Yellowknife takes Hay River’s Super A team in overtime


Players from Yellowknife and Hay River face off at the Old Timers' hockey tournament Feb. 1 at the Don Stewart Recreation Centre. Photo by Sarah Ladik NNSL

Players from Yellowknife and Hay River face off at the Old Timers’ hockey tournament Feb. 1 at the Don Stewart Recreation Centre.
Photo by Sarah Ladik

Hay River lost to a team from Yellowknife in overtime in the final of the Hay River Rusty Blades Tournament Feb. 2.

The Northbest Packers scored with 2:53 left in overtime, ending the game 4-3.

But despite the nail-biting ending to the tournament, its organizer said the whole weekend isn’t really about who wins or loses as much as it is about having a good time.

“It’s $700 to enter and the winner gets a banner and bragging rights,” said Jeff Boyce. “We don’t have prizes or anything like that. We’re here to have fun and play hockey.”

The tournament drew seven teams to town – two from Yellowknife, two from Fort Simpson, and one each from High Level, Fort Smith, and a combined team from Tulita and Lutsel K’e. When added to the five teams Hay River put on the ice, this was one of the most well-attended tournaments of the season so far.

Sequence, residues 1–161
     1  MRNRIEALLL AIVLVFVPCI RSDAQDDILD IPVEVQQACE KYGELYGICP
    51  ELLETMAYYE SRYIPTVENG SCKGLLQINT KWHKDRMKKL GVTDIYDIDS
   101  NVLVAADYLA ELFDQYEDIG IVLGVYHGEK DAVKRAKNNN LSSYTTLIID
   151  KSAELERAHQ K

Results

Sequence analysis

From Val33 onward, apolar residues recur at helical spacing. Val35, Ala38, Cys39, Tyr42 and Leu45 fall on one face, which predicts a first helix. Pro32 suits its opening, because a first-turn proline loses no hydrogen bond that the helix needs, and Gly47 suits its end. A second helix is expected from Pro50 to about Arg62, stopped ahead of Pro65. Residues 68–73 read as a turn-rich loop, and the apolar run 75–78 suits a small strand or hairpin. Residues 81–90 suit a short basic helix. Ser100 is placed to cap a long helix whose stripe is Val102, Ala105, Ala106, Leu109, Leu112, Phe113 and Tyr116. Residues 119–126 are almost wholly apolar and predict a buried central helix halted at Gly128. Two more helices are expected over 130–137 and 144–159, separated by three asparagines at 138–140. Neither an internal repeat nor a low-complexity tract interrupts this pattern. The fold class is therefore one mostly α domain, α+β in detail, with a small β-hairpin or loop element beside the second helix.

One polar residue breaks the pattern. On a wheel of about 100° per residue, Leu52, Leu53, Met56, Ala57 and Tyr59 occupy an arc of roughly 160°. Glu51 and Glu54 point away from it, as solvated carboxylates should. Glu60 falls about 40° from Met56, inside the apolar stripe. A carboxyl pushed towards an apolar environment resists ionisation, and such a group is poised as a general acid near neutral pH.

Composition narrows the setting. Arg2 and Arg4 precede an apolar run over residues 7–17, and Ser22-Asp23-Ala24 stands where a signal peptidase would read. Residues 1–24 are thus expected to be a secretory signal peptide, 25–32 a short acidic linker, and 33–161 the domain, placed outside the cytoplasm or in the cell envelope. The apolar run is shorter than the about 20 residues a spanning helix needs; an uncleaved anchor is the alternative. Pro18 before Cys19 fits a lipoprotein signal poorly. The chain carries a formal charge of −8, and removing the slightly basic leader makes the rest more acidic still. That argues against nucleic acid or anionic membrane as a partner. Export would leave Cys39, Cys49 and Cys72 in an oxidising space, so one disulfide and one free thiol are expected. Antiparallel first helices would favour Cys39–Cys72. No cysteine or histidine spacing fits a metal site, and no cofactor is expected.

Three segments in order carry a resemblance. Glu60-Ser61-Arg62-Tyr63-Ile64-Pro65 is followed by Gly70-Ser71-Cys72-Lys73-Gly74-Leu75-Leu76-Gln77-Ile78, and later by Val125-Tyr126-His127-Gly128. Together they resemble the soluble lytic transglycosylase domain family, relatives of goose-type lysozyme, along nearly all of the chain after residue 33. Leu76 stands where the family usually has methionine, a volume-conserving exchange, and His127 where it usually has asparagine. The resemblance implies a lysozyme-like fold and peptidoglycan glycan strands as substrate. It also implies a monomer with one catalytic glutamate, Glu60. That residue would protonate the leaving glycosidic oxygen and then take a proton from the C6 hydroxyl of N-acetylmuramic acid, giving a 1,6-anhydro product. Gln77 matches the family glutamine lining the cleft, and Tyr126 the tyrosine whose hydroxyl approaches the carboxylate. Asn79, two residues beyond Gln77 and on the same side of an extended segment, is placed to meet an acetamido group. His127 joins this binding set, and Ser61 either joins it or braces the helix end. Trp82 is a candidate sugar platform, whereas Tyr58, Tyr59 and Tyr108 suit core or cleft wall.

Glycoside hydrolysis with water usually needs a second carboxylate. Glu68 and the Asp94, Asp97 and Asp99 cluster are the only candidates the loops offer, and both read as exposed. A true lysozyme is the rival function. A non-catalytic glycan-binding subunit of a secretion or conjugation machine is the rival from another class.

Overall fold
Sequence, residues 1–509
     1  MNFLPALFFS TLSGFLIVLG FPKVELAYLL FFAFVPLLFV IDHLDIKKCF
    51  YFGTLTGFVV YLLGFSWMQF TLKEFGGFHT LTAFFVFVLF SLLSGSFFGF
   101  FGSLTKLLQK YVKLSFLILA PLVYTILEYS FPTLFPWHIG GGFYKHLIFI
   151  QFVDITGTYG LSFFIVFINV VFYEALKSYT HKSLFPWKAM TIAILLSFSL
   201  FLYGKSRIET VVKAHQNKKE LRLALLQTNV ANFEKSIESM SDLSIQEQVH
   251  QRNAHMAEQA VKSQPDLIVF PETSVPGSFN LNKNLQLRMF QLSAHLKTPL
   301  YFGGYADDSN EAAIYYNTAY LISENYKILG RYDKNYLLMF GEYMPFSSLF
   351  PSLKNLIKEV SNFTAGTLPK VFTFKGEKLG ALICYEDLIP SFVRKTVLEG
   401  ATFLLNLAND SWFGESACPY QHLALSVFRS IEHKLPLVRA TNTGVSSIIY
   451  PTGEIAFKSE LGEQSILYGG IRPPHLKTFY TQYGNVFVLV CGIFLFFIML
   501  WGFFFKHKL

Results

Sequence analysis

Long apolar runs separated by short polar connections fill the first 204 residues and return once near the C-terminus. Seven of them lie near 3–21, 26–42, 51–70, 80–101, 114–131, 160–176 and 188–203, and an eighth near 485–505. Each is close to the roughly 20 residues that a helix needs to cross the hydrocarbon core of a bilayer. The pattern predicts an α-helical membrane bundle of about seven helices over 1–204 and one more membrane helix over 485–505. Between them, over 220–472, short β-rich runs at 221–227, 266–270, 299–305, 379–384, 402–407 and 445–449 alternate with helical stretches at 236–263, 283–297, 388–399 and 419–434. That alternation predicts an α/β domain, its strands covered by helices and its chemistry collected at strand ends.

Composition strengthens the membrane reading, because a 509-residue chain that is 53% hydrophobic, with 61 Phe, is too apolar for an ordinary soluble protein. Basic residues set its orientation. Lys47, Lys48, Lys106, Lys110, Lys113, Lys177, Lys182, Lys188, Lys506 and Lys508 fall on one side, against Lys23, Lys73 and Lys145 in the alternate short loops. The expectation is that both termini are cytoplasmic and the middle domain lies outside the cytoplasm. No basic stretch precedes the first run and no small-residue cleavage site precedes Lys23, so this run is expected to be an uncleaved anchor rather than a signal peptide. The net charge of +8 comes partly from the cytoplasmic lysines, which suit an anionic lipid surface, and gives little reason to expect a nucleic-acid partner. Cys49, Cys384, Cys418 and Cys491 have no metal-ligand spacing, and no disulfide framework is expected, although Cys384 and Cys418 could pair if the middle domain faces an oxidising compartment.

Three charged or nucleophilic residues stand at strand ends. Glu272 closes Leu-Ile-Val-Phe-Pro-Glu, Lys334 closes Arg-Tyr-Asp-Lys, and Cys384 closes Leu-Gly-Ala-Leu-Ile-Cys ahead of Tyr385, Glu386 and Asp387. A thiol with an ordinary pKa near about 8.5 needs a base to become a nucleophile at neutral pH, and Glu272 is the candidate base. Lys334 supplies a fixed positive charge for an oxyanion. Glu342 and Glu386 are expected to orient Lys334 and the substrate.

“It’s pretty much the same teams every year,” said Boyce. “12 teams is almost too much for three days. We run all day and end at 11 at night.”

Unlike other hockey tournaments hosted at the hub, the Rusty Blades weekend-long event never fails to draw more than enough teams. It’s also more of a social occasion, according to Boyce. He said the Old Timers’ league that puts on the event makes sure to feed everyone a few times a day and throws dances after the games are done as well.

“It’s good for the town,” he said. “All the restaurants, hotels, and bars are full for the weekend.”

Boyce said there would have been more teams if all the ice roads had been open, but as it was, noted that many of the players bring their families with them, boosting the number of visitors.

“This is our home tournament and we’ve had it ever since I’ve been playing hockey,” said Jack Rowe, adding that the first one he remembers was sometime in the late 1980s. “We’re fortunate to have players come from around the North, and some of them are guys we’ve been playing with for 20 and 30 years.”

Rowe said a large part of the success of the tournament is the league’s strong presence in Hay River itself. Players aspire and look forward to playing Old Timers’ hockey he said, and the community really comes out to support the teams.

“The saving grace is that we have so many excellent volunteers,” he said, adding that not only are the current helpers out in full force, but there’s a succession plan as well. “There are some guys coming up through the ranks who are pitching in and looking to maybe be organizers in the future.”

Boyce agreed with Rowe that the participation of volunteers was vital. He said the weekend’s bartender Bobbi Hamilton had signed up for one shift – from 6:00 pm Friday to 6:00 pm Sunday.

“Lots of the guys are helping out too,” said Boyce. “It’s really their weekend and they’re the ones who make it happen.”

-Sarah Ladik